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Nicotine is a highly addictive drug, and according to the last report by the Surgeon General [1], smoking continues to be the primary cause of preventable death in the US. Nonetheless, it is not common to check-into a residential treatment center for nicotine addiction treatment, although smoking rates are more than double among people with drug and alcohol addictions and other similar demographic characteristics [2].

Most of the people seeking treatment for drugs or alcohol addiction also smoke cigarettes. And a significant number of those will continue to smoke after being discharged. This represents a problem that has been addressed by the Surgeon General, and it is clearly reflected in all health guidelines in the country: all healthcare professionals should offer smoking cessation aid to any person who reports smoking.

One of the major concerns in any addiction treatment is the relapse risk within the first year of being discharged. The evidence shows that “continued smoking for smokers and smoking initiation for non-smokers was associated with greater odds of SUD (substance use disorder) relapse” [3]. 

At the end of 2015, smoking rates among people in treatment for SUD was 84 percent [2]. By offering smoking cessation intervention at the beginning of other addictions treatments, such as alcohol and opioids, better outcomes are to be expected. Why? Because evidence shows that, even if it may represent a bigger obstacle at the beginning, the outcome is clearly better. 

Addiction way out problem sign. Prevention and cure addiction problem concept.

The real harm is not to address this problem. Treatment centers should clearly have a smoke-free policy, and offer specific guidelines to help people quit smoking while treating other drugs.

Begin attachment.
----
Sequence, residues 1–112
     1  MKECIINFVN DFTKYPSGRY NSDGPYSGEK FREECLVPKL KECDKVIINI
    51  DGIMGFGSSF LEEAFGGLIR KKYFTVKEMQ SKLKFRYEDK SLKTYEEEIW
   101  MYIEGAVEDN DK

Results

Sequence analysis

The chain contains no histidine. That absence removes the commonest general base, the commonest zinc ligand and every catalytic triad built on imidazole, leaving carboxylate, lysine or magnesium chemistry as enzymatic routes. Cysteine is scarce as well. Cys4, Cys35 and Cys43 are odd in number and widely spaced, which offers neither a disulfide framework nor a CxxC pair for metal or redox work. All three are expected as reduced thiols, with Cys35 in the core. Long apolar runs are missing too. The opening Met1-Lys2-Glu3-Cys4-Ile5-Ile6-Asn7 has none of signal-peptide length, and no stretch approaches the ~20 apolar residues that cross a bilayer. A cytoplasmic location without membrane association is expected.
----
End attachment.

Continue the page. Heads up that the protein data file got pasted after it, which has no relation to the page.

If you are a smoker in an addiction treatment program, or you have recently completed one, you should be aware that smoking can cost you your hard-won long-term recovery. Evidence shows [3] that smokers working a program of recovery have a higher risk of relapse. The same mechanisms underlying smoking (triggers, cravings, automatic-pilot) are present in all other addictive behaviors, therefore in order to mitigate the risk of relapse, you should consider quitting smoking as well.  

When you are in need of treatment for drugs or alcohol, you probably think that cutting cigarettes at the same time may be too much to handle. Do you think you are ready to take a step forward and be free of addiction for good? Only a few treatment centers will offer you a comprehensive approach and ask you to quit smoking, so bring forth the best of yourself to achieve long-term sobriety. If you are in this situation, it means you know the path substance use will take you on. It may be hard, but it is, without any doubt, rewarding.

Bibliography: 
1- https://www.cdc.gov/tobacco/data_statistics/sgr/2020-smoking-cessation/index.html
2- Guydish J et al. An international systematic review of smoking prevalence in addiction treatment. doi.org/10.1111/add.13099
3- Weinberger A et al. Cigarette smoking is associated with an increased risk of substance use disorder relapse: A nationally representative, prospective longitudinal investigation. J Clin Psychiatry, 2017 February. doi:10.4088/JCP.15m10062.